In fact, the report suggests that American businesses could save more than $25 billion if the National Highway Traffic Safety Administration and the U.S. Environmental Protection Agency adopt stringent fuel efficiency and GHG standards. The two agencies were tasked by President Barack Obama to come up with proposed target standards for medium- and heavy-duty trucks by March 2015.

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Horrors! Seattle is Moving to a $15/hour Minimum Wage

| Thursday June 12th, 2014 | 3 Comments

Seattle_SkylineSeattle’s move to phase-in an increase in the minimum wage to $15 per hour (from the current $9.32) is described variously as: audacious; a “step too far;” a misguided experiment; a worthy experiment; built on dubious economics; and a move that will “destroy the economy.”

It can’t be all of that, can it? The volume of the punditry and spinning on this one is shrill, and the scope of the alarmed, breathless opinion and analysis by the “very serious people” about Seattle’s bold move obscures the bottom line: A region is trying to do the right thing for its workers in these parlous economic times. (Conflict of interest alert: The author lives in — and loves — Seattle.)

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Investor Ready Cities: From London to Rio de Janeiro

| Tuesday June 10th, 2014 | 0 Comments

Ed note: This article is part of a short series on financing smart city infrastructure, sponsored by Siemens. Please join us for a live Google Hangout with SiemensPwC and Berwin Leighton Paisner on June 12 at 10 a.m. PT/1 p.m. ET, where we’ll talk about this issue live! RSVP Here.

The ‘Metro Cable, Linea K' cable car in Colombia stretches 2 kilometers (1.2 miles) into the neighborhood of Santo Domingo -- creating a link directly from the city center into one of the city’s poorest areas.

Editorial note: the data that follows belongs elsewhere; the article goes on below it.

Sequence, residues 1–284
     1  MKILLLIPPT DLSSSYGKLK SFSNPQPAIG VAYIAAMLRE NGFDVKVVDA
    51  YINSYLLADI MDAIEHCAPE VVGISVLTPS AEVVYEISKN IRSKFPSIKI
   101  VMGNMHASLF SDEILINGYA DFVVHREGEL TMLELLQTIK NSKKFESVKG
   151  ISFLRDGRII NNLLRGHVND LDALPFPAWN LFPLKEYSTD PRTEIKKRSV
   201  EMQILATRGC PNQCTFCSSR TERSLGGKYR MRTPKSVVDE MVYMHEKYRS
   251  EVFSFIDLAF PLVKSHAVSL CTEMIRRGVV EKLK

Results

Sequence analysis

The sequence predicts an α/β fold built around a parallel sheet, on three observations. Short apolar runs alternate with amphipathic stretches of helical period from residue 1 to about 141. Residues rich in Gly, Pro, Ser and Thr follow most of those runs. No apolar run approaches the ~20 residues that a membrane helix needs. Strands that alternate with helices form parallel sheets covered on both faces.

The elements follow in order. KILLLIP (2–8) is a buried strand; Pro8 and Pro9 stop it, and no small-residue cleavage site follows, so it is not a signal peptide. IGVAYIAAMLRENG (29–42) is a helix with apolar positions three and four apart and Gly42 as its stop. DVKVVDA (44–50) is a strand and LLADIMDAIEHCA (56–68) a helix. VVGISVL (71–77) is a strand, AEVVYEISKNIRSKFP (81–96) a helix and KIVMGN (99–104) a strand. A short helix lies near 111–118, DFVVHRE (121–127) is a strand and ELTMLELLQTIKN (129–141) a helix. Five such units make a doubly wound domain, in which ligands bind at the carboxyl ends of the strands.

The ‘Metro Cable, Linea K’ cable car in Medellin, Colombia stretches 1.2 miles into the neighborhood of Santo Domingo — creating a link directly from the city center to one of the city’s poorest areas.

Yesterday, we went over a few success stories told in timely and valuable report from Siemens, PwC and  Berwin Leighton Paisner. Entitled Investor Ready Cities: How cities can and deliver infrastructure value, the report examines in some detail how cities that have “the appropriate foundations of institutional stability can leverage financial mechanisms to their advantage to help deliver the infrastructure that is so critical to their future.”

Here are three more inspiring snapshots that tell the story of cities moving towards a more sustainable future.


The second-largest city in Colombia, with a population of nearly 2.2 million in 2005, saw a threefold increase in population over a 20-year period. This came at a time when governance and power was concentrated at the national level and control of financing was distributed to nationally important projects. As a result, informal settlements appeared on the city fringes and up onto the precarious hillsides that surround the city, leaving residents disconnected from the commercial heart of the city and the employment opportunities they had sought to access.

“Poor infrastructure and lack of opportunity led to Medellin experiencing some of the highest levels of crime endured by any city across the globe,” according to the report.

In 1991, a new constitution increased the influence and powers of municipal governments. For Medellin, this meant the power, authority and responsibility to tackle these issues through strategic intervention that was to literally change the city landscape.

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Add Some Spice to GDP with Sex and Drugs

| Tuesday June 10th, 2014 | 1 Comment